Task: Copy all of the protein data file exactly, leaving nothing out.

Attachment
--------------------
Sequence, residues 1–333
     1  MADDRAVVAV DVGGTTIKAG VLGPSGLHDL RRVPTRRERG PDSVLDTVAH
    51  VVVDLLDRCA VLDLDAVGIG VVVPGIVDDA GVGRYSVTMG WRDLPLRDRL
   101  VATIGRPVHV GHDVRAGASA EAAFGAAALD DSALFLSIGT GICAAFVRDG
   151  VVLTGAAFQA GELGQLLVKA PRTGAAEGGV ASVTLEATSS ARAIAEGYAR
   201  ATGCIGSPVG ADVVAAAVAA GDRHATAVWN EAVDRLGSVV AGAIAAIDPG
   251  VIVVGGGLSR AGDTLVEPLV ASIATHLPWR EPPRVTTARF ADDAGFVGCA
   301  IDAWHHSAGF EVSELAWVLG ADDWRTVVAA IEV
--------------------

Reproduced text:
Sequence, residues 1–333
     1  MADDRAVVAV DVGGTTIKAG VLGPSGLHDL RRVPTRRERG PDSVLDTVAH
    51  VVVDLLDRCA VLDLDAVGIG VVVPGIVDDA GVGRYSVTMG WRDLPLRDRL
   101  VATIGRPVHV GHDVRAGASA EAAFGAAALD DSALFLSIGT GICAAFVRDG
   151  VVLTGAAFQA GELGQLLVKA PRTGAAEGGV ASVTLEATSS ARAIAEGYAR
   201  ATGCIGSPVG ADVVAAAVAA GDRHATAVWN EAVDRLGSVV AGAIAAIDPG
   251  VIVVGGGLSR AGDTLVEPLV ASIATHLPWR EPPRVTTARF ADDAGFVGCA
   301  IDAWHHSAGF EVSELAWVLG ADDWRTVVAA IEV